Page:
"Creating a TV network is now as easy as creating an app, and investment is pouring into content production around the world. We are all co-pioneers of Internet TV and, together, we are replacing linear TV," Netflix said.
TheStreet will be hosting a live blog analyzing Netflix's earnings and analyst conference call starting at 5:30 p.m. ET. Please check our home page for more details.
While the company admits that linear TV is huge and can still grow, the Internet presents an "incredible" chance for expanding the video entertainment business around the world, Netflix wrote.
Netflix believes the shift from linear TV to on-demand viewing represents such a vast opportunity that many Internet TV services will be successful.
And due to the "largely exclusive" nature of varying service's content offerings, Netflix believes they are not in direct competition, but instead they complement each other.
"The large-cap tech companies, especially Amazon (AMZN) , are investing heavily in original and licensed content around the world. They join all the existing TV networks (BBC, AMC, NHK, etc.) of the world, and us, in bidding for great content," Netflix argued.
Shares of Netflix were surging in after-hours trading on Monday after it reported stronger-than-expected results for the second quarter of 2017 and gave an upbeat outlook for the third quarter.
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In a July 6 trademark application, Amazon subsidiary Amazon Technologies Inc. revealed it's planning "prepared food kits composed of meat, poultry, fish, seafood, fruit and/or and [sic] vegetables...ready for cooking and assembly as a meal," as well as primarily grain-based offerings.
The product's tagline: "We do the prep. You be the chef." Amazon already sells other companies' meal kits, including Tyson Foods Inc.'s (TSN) Tyson Tastemakers. Martha Stewart is even offering meal kits on Amazon Fresh, the company's grocery delivery service. But, this may be the first hint of something bigger for Amazon, which would put it in direct competition with newly minted IPO Blue Apron (APRN) .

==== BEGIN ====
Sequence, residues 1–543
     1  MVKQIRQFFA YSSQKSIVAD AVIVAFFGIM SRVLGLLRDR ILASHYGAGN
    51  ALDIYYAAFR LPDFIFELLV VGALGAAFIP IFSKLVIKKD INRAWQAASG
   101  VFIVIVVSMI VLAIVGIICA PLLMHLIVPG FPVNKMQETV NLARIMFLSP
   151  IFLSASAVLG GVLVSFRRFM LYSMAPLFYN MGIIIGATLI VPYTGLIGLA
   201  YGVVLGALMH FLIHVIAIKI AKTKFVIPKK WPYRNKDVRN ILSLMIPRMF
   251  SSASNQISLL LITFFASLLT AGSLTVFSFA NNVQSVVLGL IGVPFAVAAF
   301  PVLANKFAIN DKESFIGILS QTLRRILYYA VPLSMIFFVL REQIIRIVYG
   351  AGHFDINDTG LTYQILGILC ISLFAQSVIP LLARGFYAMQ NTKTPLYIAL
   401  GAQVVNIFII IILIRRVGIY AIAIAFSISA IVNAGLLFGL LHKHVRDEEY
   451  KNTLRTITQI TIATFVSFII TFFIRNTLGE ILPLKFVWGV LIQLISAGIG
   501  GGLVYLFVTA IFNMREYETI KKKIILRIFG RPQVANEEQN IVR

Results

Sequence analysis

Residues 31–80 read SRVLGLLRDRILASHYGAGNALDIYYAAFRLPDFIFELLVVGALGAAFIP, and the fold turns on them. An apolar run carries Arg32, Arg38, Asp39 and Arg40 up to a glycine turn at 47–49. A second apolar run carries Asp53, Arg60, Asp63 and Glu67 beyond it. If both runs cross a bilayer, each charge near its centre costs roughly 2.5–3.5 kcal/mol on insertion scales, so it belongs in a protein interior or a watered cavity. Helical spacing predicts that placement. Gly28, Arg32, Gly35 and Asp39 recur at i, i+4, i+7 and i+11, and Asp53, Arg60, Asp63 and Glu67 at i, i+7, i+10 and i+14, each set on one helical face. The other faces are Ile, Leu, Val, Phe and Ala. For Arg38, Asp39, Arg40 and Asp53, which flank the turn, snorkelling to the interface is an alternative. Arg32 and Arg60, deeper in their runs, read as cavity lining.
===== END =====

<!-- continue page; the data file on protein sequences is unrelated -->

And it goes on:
Speaking at the National Governors Association Summer Meeting in Rhode Island on Saturday, Musk reiterated that shares of Tesla are trading at a level "higher than we have any right to deserve" based on optimism about the company's future.
"Those expectations sometimes get out of control," Musk added. Meanwhile, TheStreet reports Tesla could be at risk of a nasty surprise soon: the end of tax credits for electric cars in the U.S.
Procter & Gamble under siege: Peltz's Trian Fund Management plans to launch a fight for a board seat at Procter & Gamble (PG) , making it the largest company to face a proxy battle, The Wall Street Journal reported Monday.
Trian, which owns about $3.3 billion of P&G stock, is said to be seeking a single board seat for Peltz at the company's annual meeting that could take place in October. P&G have reportedly been in talks for five months, but the company is said to have rejected to name Peltz as a director last week.
Sales at P&G -- and its stock price -- have stalled due to pricing pressure and competition.
As TheStreet's Ron Orol reported in June, look for the consumer packaged goods company to announce plans for spin-offs, sales or even a swap out of business units. If major M&A doesn't come soon, a Trian director-battle or white paper chock full of activist demands could be next.
And Trian likely will demand significant M&A activity. Spinoffs and other major deals often follow when the activist investor acquires a large stake. Trian and other activist fund managers often push to have large companies break themselves up with the goal of extracting value by focusing the market on various parts of a business that might be hiding inside confusing conglomerate structures.
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